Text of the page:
Here at the frontier, the leaves fall like rain. Although my neighbors are all barbarians, and you, you are a thousand miles away, there are still two cups at my table.

Ten thousand flowers in spring, the moon in autumn, a cool breeze in summer, snow in winter. If your mind isn't clouded by unnecessary things, this is the best season of your life.

~ Wu-men ~

Saturday, September 09, 2023

Interview with Ellis Amdur

Falling Leaves Kung Fu conducted an interview with Ellis Amdur, a senior practitioner of classical Japanese martial arts, scholar and a prolific author. Below is an excerpt from the introduction. The full article may be read here.


Join me on a remarkable journey through the enchanting martial arts career of Ellis Amdur. From his humble beginnings with backyard karate to mastering multiple styles of Koryū, Amdur’s personal and professional life has been shaped by his deep fascination with martial arts. 

His experiences across multiple disciplines offer unique insights into both the esoteric and practical realms of martial arts. Dive into the world of Koryū and discover its relevance to real-world scenarios through Ellis Amdur’s captivating narrative.

Ellis Amdur

Ellis’s journey began like many others, born out of defeat. As he puts it, he was “like a lot of people [who] lost a fight and started with backyard karate.” This initial brush with martial arts sparked a fascination that would shape the future course of his life.

His first brush with Kung Fu was when he found himself training with an offshoot of Alan Lee, a pioneering instructor of Chinese martial arts on the east coast who opened the discipline to non-Chinese individuals.

However, his journey was just beginning. Ellis was drawn to an Aikido dojo, stating that he “really got interested in Japanese martial arts.” He appreciated their “clean lines” and became “really fascinated with Aikido.” At one point, Ellis found himself living in the famous Bond Street dojo in New York after college and eventually relocated to Japan to continue his training. Ellis found Aikido “fascinating” due to its “intersection of modernity and tradition” and the culture of a “hodgepodge of sort of Neo-Shinto spiritual mania.”

In 1976, his path led him to Araki-ryū 荒木流, a Koryū. The term “koryū” (古流) describes traditional Japanese martial arts established before the Meiji Restoration in 1867. 

– 古 (Ko), which means “old” or “ancient.”
– 流 (Ryu), which means “school” or “style.” 

Thus, “Koryū” is translated to “ancient school” or “old style,” referring to the classical martial arts of Japan.

Araki-ryū was intriguing for its no-nonsense, close-quarter fighting: a blend of weapons and hand-to-hand combat. Ellis remarked, “To put it one way… it kind of taps into a feral mindset. It’s very violent. It’s violent in its mindset and very practical with its techniques.”

Amdur described his Araki-ryū teacher as an enigmatic and difficult man who, as a result, only had a few students. However, he immediately recognized Ellis’s unique character; his teacher once told him: “When we met, I looked in your eyes, and I saw you are a strange American. And I’m a strange Japanese, so I thought having you around might be interesting.”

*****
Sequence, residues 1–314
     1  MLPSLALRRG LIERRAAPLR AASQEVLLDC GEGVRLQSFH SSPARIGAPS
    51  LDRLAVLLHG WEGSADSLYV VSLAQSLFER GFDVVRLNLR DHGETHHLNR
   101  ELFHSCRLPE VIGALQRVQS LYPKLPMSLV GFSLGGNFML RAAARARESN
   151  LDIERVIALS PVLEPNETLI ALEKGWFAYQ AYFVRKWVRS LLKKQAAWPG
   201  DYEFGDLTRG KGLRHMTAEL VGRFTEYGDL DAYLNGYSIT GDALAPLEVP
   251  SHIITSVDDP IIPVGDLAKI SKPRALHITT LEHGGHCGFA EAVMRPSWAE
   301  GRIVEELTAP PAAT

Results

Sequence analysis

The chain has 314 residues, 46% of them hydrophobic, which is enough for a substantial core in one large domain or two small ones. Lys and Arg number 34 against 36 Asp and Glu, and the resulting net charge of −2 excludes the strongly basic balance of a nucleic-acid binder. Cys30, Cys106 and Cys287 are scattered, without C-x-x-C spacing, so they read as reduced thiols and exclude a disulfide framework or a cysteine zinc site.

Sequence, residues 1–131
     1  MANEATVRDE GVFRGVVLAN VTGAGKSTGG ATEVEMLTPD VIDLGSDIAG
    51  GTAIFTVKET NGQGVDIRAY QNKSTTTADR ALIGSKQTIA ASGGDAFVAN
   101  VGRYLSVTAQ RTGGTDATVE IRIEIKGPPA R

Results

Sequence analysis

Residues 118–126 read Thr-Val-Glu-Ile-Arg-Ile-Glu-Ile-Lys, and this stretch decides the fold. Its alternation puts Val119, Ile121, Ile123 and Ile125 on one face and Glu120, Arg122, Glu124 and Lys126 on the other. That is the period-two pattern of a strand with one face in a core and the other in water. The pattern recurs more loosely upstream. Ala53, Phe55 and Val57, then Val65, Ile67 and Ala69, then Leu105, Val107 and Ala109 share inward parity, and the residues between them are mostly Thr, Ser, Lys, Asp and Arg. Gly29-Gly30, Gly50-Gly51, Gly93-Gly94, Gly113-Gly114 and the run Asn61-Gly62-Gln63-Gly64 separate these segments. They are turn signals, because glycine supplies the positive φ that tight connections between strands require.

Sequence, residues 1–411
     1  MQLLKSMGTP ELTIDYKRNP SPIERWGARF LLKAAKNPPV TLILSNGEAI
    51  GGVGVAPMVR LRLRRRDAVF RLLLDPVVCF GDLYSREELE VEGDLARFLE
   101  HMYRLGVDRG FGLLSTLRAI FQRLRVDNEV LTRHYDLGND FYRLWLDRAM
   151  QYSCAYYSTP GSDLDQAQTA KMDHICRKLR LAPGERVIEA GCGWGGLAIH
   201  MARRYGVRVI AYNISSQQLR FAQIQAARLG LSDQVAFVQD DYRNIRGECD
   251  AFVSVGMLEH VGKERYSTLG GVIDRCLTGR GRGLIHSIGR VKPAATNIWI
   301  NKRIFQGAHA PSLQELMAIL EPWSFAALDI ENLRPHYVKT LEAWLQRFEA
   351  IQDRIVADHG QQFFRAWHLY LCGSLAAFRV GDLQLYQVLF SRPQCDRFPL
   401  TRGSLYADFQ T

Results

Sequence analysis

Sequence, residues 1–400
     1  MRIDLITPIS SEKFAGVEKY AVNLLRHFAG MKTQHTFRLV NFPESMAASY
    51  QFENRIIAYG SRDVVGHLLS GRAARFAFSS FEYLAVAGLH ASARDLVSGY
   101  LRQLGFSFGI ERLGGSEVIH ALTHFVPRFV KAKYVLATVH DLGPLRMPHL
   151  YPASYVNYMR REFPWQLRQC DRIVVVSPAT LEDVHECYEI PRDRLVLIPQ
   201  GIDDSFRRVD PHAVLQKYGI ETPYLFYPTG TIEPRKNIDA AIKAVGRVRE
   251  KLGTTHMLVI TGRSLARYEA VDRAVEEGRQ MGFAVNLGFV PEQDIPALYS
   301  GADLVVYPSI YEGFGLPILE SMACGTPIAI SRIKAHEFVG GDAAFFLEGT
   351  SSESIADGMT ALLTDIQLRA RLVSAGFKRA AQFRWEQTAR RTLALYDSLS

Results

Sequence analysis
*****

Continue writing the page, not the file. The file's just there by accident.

Two years later, he started learning Tenshin-Bukō-ryū 天真武甲流兵法 with his (then) wife, under a 60-year-old Japanese woman named Nitta Suzuyo. He found transitioning from the violent Araki-ryū to the more formal Tenshin-ryū challenging but rewarding.

His thirst for knowledge didn’t stop there. He expanded his horizons, cross-training in Judo, Chinese martial arts like Xingyiquan and Tongbeiquan, and even Muay Thai. Upon returning to the States, his main interests became internal strength training and Arrestling, a mixed martial art designed specifically for police interactions by Don Gulla. 

Grappling For Law Enforcement

In my conversation with Ellis, I was deeply intrigued by his perspective on law enforcement training. He shed light on a critical aspect – the necessity of specific martial arts techniques tailored for real-world scenarios encountered by police officers. As he elaborated, it’s not about merely fending off someone trying to grab your firearm or dealing with a close-range knife threat. It’s about abiding by “certain rules of engagement,” depending on the immediacy of the threat as well. 

Ellis drove home a crucial point, one that runs contrary to some common perceptions. The idea that every police officer should master Brazilian Jiu-Jitsu (BJJ), he cautioned, doesn’t hold water. It’s not that BJJ isn’t a valuable discipline – Ellis himself is “grateful for the little bit” he’s learned. However, he emphasized that it isn’t the cure-all solution for law enforcement. Instead, the training should be specific to the “professional role of the law enforcement officer.”

This insight resonated with my awareness of the perspectives shared by individuals like John Lovell from the Warrior Poet Society. John, a former Special Forces operator, echoes the same sentiment. While he loves BJJ, he recognizes that it’s not a one-size-fits-all solution, especially for street interactions or riots. Instead, different skill sets are essential for various scenarios.


Ellis’s journey into martial arts is deeply entwined with two aforementioned styles, Araki-ryū and Bukō-ryū. His words evoked the fascinating dichotomy between these two arts, each carrying a unique mindset and philosophy.



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